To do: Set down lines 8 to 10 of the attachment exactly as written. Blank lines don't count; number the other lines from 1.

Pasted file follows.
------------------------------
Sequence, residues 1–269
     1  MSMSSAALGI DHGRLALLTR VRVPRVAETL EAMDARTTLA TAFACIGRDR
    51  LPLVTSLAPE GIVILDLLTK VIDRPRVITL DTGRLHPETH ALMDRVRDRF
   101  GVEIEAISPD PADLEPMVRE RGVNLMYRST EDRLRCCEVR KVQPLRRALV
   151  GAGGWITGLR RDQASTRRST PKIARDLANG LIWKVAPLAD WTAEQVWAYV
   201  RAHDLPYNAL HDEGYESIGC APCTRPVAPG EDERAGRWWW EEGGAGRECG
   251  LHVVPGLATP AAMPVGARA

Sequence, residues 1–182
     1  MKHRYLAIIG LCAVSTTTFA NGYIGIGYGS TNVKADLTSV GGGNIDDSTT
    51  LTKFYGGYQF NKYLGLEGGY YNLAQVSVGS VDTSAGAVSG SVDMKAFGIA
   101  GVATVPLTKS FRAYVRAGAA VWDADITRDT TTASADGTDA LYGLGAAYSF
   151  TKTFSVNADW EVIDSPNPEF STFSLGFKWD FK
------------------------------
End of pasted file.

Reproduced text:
Sequence, residues 1–182
     1  MKHRYLAIIG LCAVSTTTFA NGYIGIGYGS TNVKADLTSV GGGNIDDSTT
    51  LTKFYGGYQF NKYLGLEGGY YNLAQVSVGS VDTSAGAVSG SVDMKAFGIA